The girlfriend of a man shot and killed Friday by police in Warrior, Alabama is speaking out.
“It’s a bunch of bulls***,” Arealle Funches said. “My boyfriend’s life got taken away for no reason. My baby is only a year old. She will never know her father.”
Boyfriend Adam Madison was riding with Funches and their one-year-old daughter when officers stopped them during a driver’s license checkpoint on Warrior-Trafford Road near Star View Lane.
OTTAWA — Prime Minister Stephen Harper, speaking to Parliament Thursday one day after a gunman rampaged through the ornate building, said Canadians "will not run scared" and proposed tightening police and surveillance procedures to go after terrorists.
In a dramatic opening of the session, Kevin Vickers, the sergeant-at-arms who traditionally leads the MPs into the chamber, received a sustained and emotional round of applause for his quick action on Wednesday in fatally shooting the gunman.
There’s nothing nice about jail. The food stinks. There’s nothing to do. People are in a bad mood. The best you can hope for is to get out quickly with minimal hassle. One of the few things you have to look forward to is a visit from a friend or a loved one—a brief face-to-face connection to remind you that the world is waiting on the other side of the glass. But some Texas jails are eliminating in-person visitation and requiring instead the use of a video visitation system sold by Dallas-based Securus Technologies.
North Attleboro, Massachusetts will continue to prohibit children playing games in the street after attempts to change the relevant bylaw failed despite many of the town's residents questioning whether police have more pressing laws to enforce.
Town Selectman Patrick Reynolds introduced the change to the bylaws, which prohibit playing “any game in which a ball or any other object is used, fly any kite, or throw stones, missiles or other objects in any street, public way or sidewalk,” the Attleboro Sun Chronicle reported.
Over the past year, the Seattle police department has revised its policies on when police can use force, as part of a settlement with the Justice Department over findings that officers used frequent excessive, unconstitutional force on suspects.
A group of Washington overlords—federal prosecutors—sometimes break rules and wreck people's lives. President Obama may soon appoint one of them to be America's next Attorney General.
The prosecutorial bullying is detailed in a new book by Sidney Powell, Licensed to Lie. She reports that the Department of Justice's (DOJ) narcissistic and dishonest prosecutors destroy people by doing things like deliberately withholding evidence.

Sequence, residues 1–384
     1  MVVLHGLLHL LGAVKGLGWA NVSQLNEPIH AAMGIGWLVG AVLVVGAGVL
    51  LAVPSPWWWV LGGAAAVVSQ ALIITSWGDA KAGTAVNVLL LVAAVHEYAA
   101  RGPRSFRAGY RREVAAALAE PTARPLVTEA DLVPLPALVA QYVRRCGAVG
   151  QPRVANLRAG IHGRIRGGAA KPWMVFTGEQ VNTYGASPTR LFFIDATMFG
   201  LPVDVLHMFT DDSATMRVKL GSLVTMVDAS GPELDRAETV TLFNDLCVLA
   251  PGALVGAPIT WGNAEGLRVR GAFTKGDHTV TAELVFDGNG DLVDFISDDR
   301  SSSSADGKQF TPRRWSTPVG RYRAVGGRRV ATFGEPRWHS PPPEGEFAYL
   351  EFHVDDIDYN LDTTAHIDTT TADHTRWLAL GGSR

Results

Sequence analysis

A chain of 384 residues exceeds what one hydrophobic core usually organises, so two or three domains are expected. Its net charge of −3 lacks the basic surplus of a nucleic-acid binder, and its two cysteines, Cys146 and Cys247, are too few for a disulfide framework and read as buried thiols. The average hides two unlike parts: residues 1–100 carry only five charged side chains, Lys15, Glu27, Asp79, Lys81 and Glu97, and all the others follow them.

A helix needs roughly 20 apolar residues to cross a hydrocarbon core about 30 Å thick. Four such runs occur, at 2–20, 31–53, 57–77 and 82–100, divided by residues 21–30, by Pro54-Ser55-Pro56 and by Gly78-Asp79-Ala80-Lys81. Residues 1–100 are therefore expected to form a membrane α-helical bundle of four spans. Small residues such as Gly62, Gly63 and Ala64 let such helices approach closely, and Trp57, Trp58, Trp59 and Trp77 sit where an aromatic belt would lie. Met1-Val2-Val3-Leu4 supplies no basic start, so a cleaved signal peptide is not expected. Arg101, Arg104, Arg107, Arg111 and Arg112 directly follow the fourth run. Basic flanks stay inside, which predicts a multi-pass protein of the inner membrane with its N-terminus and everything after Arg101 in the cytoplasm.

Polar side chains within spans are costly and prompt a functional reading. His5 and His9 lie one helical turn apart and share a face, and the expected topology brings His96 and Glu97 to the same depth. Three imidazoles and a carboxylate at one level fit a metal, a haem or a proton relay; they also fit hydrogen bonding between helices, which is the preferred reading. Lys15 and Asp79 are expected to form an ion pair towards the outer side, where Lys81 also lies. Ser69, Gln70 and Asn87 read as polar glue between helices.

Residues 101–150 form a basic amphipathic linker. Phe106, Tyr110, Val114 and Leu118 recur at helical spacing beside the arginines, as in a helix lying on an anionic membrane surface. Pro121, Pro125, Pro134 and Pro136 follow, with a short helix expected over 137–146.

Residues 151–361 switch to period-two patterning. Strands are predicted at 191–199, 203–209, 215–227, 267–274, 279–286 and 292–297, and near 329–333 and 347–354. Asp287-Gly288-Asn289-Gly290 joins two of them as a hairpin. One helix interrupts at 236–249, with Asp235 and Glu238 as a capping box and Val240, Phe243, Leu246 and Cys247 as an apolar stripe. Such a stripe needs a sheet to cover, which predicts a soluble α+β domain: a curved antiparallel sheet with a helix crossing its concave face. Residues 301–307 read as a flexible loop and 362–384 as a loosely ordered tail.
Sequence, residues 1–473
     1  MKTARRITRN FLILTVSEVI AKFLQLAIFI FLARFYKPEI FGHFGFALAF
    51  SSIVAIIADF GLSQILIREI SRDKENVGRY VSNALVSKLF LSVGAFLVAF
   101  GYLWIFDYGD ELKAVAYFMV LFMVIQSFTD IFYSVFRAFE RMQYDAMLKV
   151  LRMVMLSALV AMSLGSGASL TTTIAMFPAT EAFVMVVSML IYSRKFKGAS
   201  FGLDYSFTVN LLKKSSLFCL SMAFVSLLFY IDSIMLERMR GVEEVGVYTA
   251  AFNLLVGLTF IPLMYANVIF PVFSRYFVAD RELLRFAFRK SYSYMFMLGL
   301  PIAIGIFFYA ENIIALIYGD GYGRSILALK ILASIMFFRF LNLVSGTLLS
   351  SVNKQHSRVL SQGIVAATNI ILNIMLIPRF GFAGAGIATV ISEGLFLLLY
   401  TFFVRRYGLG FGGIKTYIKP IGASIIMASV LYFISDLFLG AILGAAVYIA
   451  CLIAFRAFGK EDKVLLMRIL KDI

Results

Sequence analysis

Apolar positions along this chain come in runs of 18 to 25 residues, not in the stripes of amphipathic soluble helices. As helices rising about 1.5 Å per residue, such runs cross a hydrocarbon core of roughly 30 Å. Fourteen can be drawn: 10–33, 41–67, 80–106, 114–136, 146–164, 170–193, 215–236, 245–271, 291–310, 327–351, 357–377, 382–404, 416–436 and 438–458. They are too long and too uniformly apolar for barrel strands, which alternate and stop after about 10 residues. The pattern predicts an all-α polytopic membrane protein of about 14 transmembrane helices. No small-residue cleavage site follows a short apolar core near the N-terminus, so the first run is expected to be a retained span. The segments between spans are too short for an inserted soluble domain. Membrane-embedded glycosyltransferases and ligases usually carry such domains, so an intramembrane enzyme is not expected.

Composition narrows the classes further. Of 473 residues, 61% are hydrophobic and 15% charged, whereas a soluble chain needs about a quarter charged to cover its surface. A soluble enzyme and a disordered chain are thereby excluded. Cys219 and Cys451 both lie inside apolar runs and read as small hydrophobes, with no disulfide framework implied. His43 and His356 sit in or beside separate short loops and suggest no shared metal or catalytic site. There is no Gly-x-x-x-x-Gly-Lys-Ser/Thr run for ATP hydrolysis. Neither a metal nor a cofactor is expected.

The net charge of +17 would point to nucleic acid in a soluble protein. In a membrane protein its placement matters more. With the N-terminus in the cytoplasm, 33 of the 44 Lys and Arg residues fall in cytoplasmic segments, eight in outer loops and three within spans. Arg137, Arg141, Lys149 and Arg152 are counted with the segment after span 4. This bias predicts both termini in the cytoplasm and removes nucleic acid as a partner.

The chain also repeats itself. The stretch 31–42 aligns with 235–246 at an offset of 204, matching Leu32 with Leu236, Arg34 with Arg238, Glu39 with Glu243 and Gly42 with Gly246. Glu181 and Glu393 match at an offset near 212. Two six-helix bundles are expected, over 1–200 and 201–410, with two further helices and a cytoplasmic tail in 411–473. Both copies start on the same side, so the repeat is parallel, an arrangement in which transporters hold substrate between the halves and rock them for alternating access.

WASHINGTON -- White House Chief of Staff Denis McDonough is personally negotiating how much of the Senate's so-called torture report, a probe into the CIA’s post-9/11 detention and interrogation program, will be redacted, according to sources involved in the negotiations.
McDonough's leading role in the redaction discussion has raised eyebrows in the Senate, given that his position comes with a broad array of urgent responsibilities and that the Obama White House has a team of qualified national security advisers.
This week the helicopters that were sent off to Iraq and Afghanistan to protect us here at home were flying around downtown Minneapolis and St. Paul. The Blackhawk helicopters were here on “urban training exercises” rattling the windows of residents’ condos, homes and apartments right here at home in Minnesota.
Sen. Rand Paul has warned Senate Majority Leader Harry Reid (D-Nev.) that he will place a hold on one of President Obama’s appellate court nominees because of his role in crafting the legal basis for Obama’s drone policy.
Paul, the junior Republican senator from Kentucky, has informed Reid he will object to David Barron’s nomination to the 1st Circuit Court of Appeals, unless the Justice Department makes public the memos he authored justifying the killing of an American citizen in Yemen.
On a bright Thursday afternoon in 2007, Jennifer Boatright, a waitress at a Houston bar-and-grill, drove with her two young sons and her boyfriend, Ron Henderson, on U.S. 59 toward Linden, Henderson’s home town, near the Texas-Louisiana border. They made the trip every April, at the first signs of spring, to walk the local wildflower trails and spend time with Henderson’s father. This year, they’d decided to buy a used car in Linden, which had plenty for sale, and so they bundled their cash savings in their car’s center console.
A few weeks ago I noted a new California law, prompted by Elliot Rodger's murders in Isla Vista last May, that lets police officers and "immediate family members" (possibly including angry ex-girlfriends and estranged in-laws) seek court orders stripping people of their Second Amendment rights without any notice or adversarial process. New York's SAFE Act, which was hurriedly passed by the state legislature last year in response to the Sandy Hook massacre, in some ways goes even further.